The most fabulous camper van will be a complete waste of time and effort, if you can’t actually afford to take it anywhere. So don’t choose a big camper van unless you are sure that you can afford it and that you are confident in driving it.
Do make sure you are 100% legal and insured.
Do make sure that you have roadside cover, valid insurance and that your campervan is fully legal and roadworthy. If you do get stopped by the authorities, they will check your documentation. In addition if something does go wrong abroad, being covered for roadside assistance will help you through the language barrier without making a drama.
You might be able to find cheaper insurance and support for your campervanning by joining a club such as the Camping and Caravanning Club. Even if your campervan is old, you may be able to insure it under the vintage policy.
Don’t pitch up and stop without permission
Do get permission from the landowner if you decide to camp somewhere over night. An idylic orchard for example is very beautiful but it will belong to someone and they won’t be impressed if you move in overnight AND help yourself to the apples!
In many cases you may find that the landowner is perfectly happy to have you there, but if not, you will have to move on.
Don’t be a cheapskate
Don’t be a cheapskate. If you are in an area with camping facilities, don’t try to move in and stay for free. The locals will have seen all this before and will be sick of it and you are highly unlikely to get a good reception. Instead, use camp sites where you can contribute to the local economy. If you are travelling in Europe, especially France, overnight camping is very reasonably priced, especially if you use municipal campsites.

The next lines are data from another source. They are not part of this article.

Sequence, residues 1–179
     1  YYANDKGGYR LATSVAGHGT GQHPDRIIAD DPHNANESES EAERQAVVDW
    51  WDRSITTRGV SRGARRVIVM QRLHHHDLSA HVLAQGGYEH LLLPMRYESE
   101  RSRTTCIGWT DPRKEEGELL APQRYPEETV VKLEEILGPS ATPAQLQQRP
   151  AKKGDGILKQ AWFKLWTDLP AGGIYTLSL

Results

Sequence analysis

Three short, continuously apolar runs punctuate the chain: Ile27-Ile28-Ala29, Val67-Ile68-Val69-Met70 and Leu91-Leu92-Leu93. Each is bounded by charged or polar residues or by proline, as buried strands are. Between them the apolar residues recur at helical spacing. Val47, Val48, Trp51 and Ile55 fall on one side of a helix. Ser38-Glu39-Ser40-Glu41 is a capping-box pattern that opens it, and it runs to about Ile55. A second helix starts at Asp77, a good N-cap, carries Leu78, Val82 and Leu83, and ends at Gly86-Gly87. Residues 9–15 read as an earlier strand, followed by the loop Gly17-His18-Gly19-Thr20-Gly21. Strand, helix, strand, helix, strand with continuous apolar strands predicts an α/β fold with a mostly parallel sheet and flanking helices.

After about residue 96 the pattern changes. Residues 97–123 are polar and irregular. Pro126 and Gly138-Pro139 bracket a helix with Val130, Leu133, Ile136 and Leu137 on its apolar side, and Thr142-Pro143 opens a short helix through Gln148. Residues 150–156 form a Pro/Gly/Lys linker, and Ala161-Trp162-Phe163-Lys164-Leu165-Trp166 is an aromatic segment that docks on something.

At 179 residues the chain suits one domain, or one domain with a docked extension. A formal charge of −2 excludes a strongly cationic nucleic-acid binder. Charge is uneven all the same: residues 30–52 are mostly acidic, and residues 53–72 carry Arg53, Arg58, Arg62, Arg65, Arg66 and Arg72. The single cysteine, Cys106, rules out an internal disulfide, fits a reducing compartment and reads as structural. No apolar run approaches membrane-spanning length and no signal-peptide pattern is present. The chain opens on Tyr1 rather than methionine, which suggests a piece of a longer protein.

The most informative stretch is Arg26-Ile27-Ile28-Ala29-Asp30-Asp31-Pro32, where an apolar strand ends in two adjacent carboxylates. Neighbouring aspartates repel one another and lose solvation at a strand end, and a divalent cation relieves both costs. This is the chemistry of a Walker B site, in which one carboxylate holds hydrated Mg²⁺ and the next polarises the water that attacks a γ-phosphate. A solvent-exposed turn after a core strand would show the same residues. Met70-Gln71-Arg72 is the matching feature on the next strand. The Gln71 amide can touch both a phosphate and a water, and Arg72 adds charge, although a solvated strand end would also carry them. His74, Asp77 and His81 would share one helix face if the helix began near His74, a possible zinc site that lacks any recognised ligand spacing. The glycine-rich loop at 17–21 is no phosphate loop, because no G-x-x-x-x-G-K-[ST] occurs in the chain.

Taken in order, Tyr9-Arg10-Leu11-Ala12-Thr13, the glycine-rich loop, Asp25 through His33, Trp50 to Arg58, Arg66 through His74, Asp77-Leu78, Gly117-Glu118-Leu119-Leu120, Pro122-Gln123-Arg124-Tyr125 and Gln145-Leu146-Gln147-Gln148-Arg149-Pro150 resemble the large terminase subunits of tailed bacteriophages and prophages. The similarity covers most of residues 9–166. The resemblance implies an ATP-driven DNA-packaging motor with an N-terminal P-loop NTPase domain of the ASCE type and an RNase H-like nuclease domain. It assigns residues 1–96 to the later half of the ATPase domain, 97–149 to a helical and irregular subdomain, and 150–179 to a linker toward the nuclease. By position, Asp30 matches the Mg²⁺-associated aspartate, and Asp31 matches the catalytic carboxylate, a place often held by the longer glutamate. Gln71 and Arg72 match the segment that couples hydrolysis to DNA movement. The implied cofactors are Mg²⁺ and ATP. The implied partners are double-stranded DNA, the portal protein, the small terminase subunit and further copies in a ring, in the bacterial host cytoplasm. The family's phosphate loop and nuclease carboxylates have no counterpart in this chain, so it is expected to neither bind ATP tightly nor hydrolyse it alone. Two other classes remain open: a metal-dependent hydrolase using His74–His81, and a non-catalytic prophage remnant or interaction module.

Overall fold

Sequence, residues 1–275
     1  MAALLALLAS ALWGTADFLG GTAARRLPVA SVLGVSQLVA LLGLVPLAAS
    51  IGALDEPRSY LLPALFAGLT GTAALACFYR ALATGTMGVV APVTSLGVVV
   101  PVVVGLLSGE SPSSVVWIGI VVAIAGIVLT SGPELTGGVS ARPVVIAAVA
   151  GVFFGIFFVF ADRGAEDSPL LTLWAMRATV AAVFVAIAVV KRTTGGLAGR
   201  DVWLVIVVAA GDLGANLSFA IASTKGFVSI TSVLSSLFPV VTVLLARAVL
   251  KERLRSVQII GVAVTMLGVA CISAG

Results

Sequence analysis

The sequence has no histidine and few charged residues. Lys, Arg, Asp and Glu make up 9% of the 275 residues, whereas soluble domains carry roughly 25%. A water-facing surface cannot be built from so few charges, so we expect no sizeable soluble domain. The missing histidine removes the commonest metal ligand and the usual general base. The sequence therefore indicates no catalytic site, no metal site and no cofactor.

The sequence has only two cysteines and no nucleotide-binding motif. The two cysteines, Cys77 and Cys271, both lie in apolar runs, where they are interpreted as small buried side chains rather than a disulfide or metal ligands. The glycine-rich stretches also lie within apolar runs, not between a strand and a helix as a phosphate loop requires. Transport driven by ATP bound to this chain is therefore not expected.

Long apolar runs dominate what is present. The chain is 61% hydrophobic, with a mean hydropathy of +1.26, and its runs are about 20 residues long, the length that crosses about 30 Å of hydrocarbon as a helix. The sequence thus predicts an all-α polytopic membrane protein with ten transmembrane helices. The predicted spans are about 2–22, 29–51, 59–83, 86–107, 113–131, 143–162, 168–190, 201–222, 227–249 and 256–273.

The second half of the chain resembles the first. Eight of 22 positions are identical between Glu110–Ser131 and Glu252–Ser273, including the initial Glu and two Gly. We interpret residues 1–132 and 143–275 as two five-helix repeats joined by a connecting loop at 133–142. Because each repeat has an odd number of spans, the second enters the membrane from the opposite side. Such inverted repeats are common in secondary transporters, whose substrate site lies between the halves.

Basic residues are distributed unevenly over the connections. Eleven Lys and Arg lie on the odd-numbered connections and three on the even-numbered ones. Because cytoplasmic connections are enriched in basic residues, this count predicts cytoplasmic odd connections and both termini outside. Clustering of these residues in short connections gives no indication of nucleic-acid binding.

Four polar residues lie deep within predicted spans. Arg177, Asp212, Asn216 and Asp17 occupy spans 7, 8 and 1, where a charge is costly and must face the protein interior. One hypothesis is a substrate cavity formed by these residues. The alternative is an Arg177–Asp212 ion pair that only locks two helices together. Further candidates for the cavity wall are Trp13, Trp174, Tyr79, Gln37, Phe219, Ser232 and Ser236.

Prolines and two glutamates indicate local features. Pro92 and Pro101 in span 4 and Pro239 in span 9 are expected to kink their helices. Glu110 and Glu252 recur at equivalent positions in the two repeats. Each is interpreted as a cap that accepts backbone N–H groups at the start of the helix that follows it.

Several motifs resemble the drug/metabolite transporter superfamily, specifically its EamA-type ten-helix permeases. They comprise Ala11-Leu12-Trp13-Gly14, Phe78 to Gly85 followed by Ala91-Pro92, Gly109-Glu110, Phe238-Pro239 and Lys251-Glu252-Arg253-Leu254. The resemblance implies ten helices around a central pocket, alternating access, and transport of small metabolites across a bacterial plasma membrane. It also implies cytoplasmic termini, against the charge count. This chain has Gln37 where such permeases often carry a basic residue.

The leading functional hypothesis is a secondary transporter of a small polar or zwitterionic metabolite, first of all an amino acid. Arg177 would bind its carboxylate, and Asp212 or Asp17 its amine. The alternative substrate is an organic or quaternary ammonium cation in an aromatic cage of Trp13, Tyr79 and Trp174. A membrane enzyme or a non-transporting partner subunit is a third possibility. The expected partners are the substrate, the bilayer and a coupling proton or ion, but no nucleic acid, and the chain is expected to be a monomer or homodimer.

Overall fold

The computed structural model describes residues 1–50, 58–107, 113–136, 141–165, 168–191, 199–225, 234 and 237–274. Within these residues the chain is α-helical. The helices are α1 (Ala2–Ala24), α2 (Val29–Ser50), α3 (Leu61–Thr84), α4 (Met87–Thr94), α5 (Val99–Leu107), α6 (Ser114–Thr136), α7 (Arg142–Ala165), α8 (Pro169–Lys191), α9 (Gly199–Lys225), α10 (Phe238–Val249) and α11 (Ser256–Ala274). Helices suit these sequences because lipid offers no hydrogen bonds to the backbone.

Do trust your gut instincts
You want to stay safe so do trust your instincts. Across Europe there are numerous free camping places; in France these are known as Aires and these are often situated on the side of the road. Some of these free camping places can be very dodgy and potentially unsafe at night. Trust to your gut and move on if you feel weirded out by your surroundings.
Do be a good neighbour
Do be a good neighbour! Staying in camp sites where there are likely to be young families and people enjoying the great outdoors, means that you do have to be mindful of noise late at night. Try to tone down the outside socialising if the camp site is otherwise silent after 10 pm or maybe move to a livelier location.
Do have a great time!
Do enjoy every minute. There will be times when your campervan adventure will take an unexpected turn. You will probably get lost and you will undoubtedly fall out with your travelling companion/ s occasionally but hey if you wanted a conventional no surprises trip, you probably would do better booking an all inclusive to a resort.
The great thing about a camper van experience is that you never know what is round the next corner. A breathtaking view, a deserted beach, magnificent scenery and exciting new experiences to discover – the world really is your oyster and as long as you remember some basic dos and don’ts , you will find that you are welcome and safe wherever the road decides to take you.